The Unnatural History of the Sea / Edition 2

The Unnatural History of the Sea / Edition 2

by Callum Roberts
     
 

ISBN-10: 1597265772

ISBN-13: 9781597265775

Pub. Date: 01/05/2009

Publisher: Island Press

Humanity can make short work of the oceans’ creatures. In 1741, hungry explorers discovered herds of Steller’s sea cow in the Bering Strait, and in less than thirty years, the amiable beast had been harpooned into extinction. It’s a classic story, but a key fact is often omitted. Bering Island was the last redoubt of a species that had been

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Overview

Humanity can make short work of the oceans’ creatures. In 1741, hungry explorers discovered herds of Steller’s sea cow in the Bering Strait, and in less than thirty years, the amiable beast had been harpooned into extinction. It’s a classic story, but a key fact is often omitted. Bering Island was the last redoubt of a species that had been decimated by hunting and habitat loss years before the
explorers set sail.

As Callum M. Roberts reveals in The Unnatural History of the Sea, the oceans’ bounty didn’t disappear overnight. While today’s fishing industry is ruthlessly efficient, intense exploitation began not in the modern era, or even with the dawn of industrialization, but in the eleventh century in medieval Europe. Roberts explores this long and colorful history of commercial fishing, taking readers around the world and through the centuries to witness the transformation of the seas.

Drawing on firsthand accounts of early explorers, pirates, merchants, fishers, and travelers, the book recreates the oceans of the past: waters teeming with whales, sea lions, sea otters, turtles, and giant fish. The abundance of marine life described by fifteenth century seafarers is almost unimaginable today, but Roberts both brings it alive and artfully traces its depletion. Collapsing fisheries, he shows, are simply the latest chapter in a long history of unfettered commercialization of the seas.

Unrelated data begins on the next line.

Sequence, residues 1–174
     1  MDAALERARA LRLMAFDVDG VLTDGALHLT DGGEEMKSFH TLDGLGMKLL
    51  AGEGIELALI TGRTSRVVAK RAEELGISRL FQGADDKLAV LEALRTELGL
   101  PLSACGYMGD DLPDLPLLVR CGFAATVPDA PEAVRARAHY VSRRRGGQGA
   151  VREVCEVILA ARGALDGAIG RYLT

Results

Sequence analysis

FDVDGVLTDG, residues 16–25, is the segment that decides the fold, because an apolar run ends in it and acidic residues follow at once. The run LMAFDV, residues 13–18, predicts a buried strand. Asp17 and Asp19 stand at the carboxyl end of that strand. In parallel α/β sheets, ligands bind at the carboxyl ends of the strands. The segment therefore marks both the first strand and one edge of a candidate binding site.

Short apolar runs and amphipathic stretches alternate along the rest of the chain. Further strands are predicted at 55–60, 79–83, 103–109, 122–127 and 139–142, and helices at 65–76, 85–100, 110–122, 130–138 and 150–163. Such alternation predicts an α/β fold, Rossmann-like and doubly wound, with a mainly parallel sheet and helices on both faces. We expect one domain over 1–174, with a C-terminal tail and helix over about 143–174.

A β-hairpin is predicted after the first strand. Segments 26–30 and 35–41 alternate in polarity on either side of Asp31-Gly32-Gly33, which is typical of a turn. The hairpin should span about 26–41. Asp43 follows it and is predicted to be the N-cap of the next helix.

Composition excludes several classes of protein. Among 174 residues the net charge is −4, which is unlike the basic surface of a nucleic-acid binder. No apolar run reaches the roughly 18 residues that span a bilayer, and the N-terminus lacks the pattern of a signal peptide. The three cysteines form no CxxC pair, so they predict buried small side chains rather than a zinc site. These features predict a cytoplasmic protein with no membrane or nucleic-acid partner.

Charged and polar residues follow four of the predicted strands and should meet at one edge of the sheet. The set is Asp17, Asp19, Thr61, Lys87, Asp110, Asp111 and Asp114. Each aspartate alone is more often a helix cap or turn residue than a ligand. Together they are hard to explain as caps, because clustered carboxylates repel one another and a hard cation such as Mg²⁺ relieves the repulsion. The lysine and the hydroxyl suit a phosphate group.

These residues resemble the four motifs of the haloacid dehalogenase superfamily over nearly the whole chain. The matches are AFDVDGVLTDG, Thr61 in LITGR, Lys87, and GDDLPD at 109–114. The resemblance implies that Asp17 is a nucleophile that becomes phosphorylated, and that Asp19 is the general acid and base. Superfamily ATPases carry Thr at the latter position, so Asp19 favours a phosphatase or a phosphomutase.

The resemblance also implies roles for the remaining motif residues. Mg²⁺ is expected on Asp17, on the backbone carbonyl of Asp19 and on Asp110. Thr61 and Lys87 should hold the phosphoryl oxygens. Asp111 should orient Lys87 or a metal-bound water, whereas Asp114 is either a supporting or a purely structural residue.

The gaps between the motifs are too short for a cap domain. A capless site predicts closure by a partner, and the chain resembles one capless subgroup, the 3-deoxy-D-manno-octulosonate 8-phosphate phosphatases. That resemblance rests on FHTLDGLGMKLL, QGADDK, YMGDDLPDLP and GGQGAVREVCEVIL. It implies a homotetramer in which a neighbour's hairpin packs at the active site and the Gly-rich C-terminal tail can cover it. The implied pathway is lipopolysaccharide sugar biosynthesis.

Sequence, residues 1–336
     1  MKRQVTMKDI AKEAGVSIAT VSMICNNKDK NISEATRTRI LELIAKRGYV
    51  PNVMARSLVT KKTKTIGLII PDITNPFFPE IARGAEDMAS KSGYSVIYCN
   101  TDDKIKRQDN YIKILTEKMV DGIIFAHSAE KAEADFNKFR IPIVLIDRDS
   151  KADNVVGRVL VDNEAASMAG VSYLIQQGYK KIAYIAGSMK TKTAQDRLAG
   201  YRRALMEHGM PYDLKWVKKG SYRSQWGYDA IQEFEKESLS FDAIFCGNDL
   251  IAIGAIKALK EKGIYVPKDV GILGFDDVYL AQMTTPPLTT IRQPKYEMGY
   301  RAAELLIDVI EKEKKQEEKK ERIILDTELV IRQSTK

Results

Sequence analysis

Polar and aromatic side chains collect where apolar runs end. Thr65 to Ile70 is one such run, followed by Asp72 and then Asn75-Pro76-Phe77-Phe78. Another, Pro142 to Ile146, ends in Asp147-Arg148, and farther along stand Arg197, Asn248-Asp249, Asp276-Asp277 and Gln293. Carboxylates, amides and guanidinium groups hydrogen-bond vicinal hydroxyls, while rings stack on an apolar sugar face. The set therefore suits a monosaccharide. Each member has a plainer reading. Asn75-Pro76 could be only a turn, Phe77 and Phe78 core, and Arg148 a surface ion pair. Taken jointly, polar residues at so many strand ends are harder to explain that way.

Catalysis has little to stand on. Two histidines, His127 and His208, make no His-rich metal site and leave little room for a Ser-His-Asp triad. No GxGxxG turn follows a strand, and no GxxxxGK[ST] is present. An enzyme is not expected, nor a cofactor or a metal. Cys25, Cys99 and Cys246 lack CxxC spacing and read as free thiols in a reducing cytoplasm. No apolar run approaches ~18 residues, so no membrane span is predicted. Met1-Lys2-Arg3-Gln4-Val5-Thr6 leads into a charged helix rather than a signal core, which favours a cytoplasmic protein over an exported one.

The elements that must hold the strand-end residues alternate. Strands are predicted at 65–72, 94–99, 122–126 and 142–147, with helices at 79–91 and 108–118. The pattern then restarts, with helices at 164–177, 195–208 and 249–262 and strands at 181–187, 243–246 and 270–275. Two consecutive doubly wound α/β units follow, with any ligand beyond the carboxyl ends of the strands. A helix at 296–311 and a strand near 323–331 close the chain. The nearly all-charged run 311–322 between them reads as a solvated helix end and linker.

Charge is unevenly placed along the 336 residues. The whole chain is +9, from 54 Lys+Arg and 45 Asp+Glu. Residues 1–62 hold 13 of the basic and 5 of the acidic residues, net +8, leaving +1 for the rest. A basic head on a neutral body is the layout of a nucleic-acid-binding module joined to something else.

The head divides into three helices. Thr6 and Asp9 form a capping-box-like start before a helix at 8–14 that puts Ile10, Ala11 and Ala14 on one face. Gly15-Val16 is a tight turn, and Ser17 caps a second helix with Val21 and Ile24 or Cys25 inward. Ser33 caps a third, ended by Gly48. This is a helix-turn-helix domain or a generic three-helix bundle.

The story does not end with an empty ocean. Instead, Roberts describes how we might restore the splendor and prosperity of the seas through smarter management of our resources and some simple restraint. From the coasts of Florida to New Zealand, marine reserves have fostered spectacular recovery of plants and animals to levels not seen in a century. They prove that history need not repeat itself: we can leave the oceans richer than we found them.

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Product Details

ISBN-13:
9781597265775
Publisher:
Island Press
Publication date:
01/05/2009
Edition description:
1
Pages:
456
Product dimensions:
5.90(w) x 8.90(h) x 1.10(d)

Table of Contents

Contents

Preface,
PART ONE: Explorers and Exploiters in the Age of Plenty,
Chapter 1: The End of Innocence,
Chapter 2: The Origins of Intensive Fishing,
Chapter 3: Newfound Lands,
Chapter 4: More Fish than Water,
Chapter 5: Plunder of the Caribbean,
Chapter 6: The Age of Merchant Adventurers,
Chapter 7: Whaling:The First Global Industry,
Chapter 8: To the Ends of the Earth for Seals,
Chapter 9: The Great Fisheries of Europe,
Chapter 10: The First Trawling Revolution,
Chapter 11: The Dawn of Industrial Fishing,
PART TWO: The Modern Era of Industrial Fishing,
Chapter 12: The Inexhaustible Sea,
Chapter 13: The Legacy of Whaling,
Chapter 14: Emptying European Seas,
Chapter 15: The Downfall of King Cod,
Chapter 16: Slow Death of an Estuary: Chesapeake Bay,
Chapter 17: The Collapse of Coral,
Chapter 18: Shifting Baselines,
Chapter 19: Ghost Habitats,
Chapter 20: Hunting on the High Plains of the Open Sea,
Chapter 21: Violating the Last Great Wilderness,
PART THREE: The Once and Future Ocean,
Chapter 22: No Place Left to Hide,
Chapter 23: Barbequed Jellyfish or Swordfish Steak?,
Chapter 24: Reinventing Fishery Management,
Chapter 25: The Return of Abundance,
Chapter 26: The Future of Fish,
Notes,
Index,

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